Musings from George


Politics, primaries, and the world
July 8, 2016, 10:45 am
Filed under: Charity, Politics, Uncategorized

It is somewhat surreal to follow our presidential election, which will offer us the choice between a very experienced and qualified candidate that many do not like and an inexperienced and spectacularly unqualified candidate that does not seem to like anyone except himself. When did experience become a liability, and when did nastiness become a qualification?

While some think it is inappropriate to talk politics with children (lest they go off to school and share your opinions), the Donald has given us some remarkable opportunities to talk about important topics. Racism, misogyny, religious discrimination, “pants on fire” lies and exaggerations … topics that ordinarily do not come up in our quiet daily lives. I joke that the Donald gives us a chance to broaden our vocabulary (see the definition of buffoon) while realizing how much hate there is out there today, and hopefully we will all recoil and reconsider when this election dust settles. Every day is another offense to the Donald, and generates another offensive from the Donald, perplexing friend and foe alike.

It is a pity that the world is on fire and we cannot give it our full attention because our focus is inward, proposing walls between friends and threatening treaties with friends rather than trying to address the emergencies that are so real in Iraq, Afghanistan and Syria. If Canada can accept and integrate 25,000 refugees why can’t the US do the same for 250,000? We cry about the 6,000 who have come here, and we pay other countries to turn back children fleeing war zones in Central America because we are afraid of foreigners … the very people who build America.

It is useful to have a broader perspective. Learn about the Great Potato Famine in Ireland, which reduced the population of that county by more than two million people in five years … a million of them moved to the US, which at the time had a population of only fourteen million. Those immigrants became our policemen, our firemen, our teachers and our ancestors. Newer immigrants are trying to do the same, and we would all be better off if the world’s best engineers came to the US and the world’s hardest-working people joined us here. Let’s open the door wide, and make an effort to integrate them rather than isolating them. Let’s meet them and welcome them, rather than persecuting them.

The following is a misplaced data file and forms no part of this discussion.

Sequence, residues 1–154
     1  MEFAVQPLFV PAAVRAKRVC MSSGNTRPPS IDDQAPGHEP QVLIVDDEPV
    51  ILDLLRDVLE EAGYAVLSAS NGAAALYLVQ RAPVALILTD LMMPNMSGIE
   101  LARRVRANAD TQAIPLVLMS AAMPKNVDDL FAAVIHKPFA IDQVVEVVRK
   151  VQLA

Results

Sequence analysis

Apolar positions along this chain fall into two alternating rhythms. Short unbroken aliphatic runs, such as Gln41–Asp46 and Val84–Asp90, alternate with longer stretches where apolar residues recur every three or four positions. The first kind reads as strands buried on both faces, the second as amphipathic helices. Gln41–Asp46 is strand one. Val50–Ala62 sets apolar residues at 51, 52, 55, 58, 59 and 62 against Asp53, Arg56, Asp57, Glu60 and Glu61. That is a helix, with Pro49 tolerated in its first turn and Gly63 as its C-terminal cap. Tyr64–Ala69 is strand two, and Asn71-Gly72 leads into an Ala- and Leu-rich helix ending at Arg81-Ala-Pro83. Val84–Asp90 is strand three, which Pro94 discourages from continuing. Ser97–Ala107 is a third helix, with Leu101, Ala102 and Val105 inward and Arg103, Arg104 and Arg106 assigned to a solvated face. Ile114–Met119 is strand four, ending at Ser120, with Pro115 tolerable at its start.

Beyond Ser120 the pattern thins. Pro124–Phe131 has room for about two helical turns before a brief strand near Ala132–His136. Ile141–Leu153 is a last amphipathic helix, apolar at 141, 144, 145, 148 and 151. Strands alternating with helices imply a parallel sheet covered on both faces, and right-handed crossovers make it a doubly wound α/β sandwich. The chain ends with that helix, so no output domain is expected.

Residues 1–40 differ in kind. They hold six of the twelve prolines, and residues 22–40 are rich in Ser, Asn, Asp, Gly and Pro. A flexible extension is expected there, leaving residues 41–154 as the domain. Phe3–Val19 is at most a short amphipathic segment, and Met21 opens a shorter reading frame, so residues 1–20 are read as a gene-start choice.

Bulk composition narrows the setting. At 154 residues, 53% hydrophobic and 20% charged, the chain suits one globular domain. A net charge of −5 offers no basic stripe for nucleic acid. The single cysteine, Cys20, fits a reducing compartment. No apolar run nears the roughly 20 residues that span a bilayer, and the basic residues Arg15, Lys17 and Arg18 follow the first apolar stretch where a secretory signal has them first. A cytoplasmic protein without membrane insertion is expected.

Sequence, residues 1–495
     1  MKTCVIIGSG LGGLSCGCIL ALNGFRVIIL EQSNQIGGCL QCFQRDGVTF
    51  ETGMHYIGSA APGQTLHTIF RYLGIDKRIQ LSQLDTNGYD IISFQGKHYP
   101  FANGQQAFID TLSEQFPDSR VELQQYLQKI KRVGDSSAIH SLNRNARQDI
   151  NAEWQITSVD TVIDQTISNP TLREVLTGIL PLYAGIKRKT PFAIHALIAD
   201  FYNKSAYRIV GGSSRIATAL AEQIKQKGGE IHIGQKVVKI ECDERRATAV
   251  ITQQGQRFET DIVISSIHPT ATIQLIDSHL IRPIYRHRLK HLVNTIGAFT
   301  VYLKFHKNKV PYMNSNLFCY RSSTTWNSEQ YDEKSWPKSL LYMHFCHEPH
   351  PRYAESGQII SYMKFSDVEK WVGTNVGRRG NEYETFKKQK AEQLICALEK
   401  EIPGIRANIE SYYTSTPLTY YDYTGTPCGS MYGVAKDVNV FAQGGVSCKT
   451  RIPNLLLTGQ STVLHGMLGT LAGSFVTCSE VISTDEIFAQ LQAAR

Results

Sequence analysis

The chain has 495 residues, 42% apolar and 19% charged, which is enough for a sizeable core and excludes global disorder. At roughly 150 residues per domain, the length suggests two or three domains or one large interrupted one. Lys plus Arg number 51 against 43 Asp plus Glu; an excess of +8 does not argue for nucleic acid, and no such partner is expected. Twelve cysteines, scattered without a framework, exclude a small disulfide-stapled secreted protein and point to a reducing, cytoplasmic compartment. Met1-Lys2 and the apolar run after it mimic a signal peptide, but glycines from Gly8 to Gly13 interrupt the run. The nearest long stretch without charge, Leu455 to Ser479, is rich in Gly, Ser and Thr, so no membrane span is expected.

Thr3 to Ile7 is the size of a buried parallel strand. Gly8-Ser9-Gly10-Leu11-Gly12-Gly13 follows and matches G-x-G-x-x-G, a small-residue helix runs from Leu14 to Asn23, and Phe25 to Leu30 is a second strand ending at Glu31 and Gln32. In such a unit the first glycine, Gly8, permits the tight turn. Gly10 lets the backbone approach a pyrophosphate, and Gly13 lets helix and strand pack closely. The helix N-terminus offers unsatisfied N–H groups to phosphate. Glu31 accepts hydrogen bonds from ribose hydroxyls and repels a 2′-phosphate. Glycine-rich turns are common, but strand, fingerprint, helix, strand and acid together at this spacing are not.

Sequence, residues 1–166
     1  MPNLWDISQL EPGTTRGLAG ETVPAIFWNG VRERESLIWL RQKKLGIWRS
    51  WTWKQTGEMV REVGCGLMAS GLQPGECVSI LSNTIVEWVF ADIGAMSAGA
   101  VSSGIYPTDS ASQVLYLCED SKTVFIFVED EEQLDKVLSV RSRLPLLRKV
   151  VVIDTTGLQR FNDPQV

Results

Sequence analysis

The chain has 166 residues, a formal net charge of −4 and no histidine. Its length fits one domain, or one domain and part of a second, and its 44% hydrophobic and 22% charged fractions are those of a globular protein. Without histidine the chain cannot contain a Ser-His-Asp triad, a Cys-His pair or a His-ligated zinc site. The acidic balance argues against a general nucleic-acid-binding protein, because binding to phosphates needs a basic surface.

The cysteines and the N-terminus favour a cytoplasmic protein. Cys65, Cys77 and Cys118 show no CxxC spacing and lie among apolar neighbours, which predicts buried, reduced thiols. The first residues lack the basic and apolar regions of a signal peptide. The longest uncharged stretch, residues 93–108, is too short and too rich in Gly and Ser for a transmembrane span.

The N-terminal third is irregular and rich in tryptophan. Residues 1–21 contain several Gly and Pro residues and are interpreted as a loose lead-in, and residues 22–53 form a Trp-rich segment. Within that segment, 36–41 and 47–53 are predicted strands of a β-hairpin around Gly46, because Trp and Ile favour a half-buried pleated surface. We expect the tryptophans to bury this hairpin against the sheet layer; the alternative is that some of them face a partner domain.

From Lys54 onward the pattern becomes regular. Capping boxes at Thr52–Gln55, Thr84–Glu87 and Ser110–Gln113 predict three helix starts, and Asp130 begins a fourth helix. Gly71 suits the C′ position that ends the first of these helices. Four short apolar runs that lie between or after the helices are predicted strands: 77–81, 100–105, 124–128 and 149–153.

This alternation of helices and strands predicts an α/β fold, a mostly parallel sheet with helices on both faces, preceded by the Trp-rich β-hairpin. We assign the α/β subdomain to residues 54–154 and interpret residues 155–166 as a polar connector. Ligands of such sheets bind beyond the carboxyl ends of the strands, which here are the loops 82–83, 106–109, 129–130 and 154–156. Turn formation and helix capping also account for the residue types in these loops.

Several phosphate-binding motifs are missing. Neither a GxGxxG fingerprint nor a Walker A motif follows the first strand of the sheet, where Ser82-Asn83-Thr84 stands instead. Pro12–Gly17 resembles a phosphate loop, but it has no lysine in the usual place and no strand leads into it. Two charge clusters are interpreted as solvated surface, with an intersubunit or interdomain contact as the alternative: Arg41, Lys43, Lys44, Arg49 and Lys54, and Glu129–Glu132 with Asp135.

Vote. However you choose to vote, it is a cherished right that our forebears fought and died to give us. Exercise it and celebrate democracy. Even if we disagree, we should all support the democratic process — vote against someone if you have to, but vote nonetheless.

Give. One of the things that distinguishes the US from the rest of the world is personal giving, not government giving. Some countries give more per capita, but most of that is given by the state — the US government gives less, but US citizens give more (not just the real wealthy, but the average American too). Celebrate charity. Embrace a non-profit. Encourage your friends to do the same.

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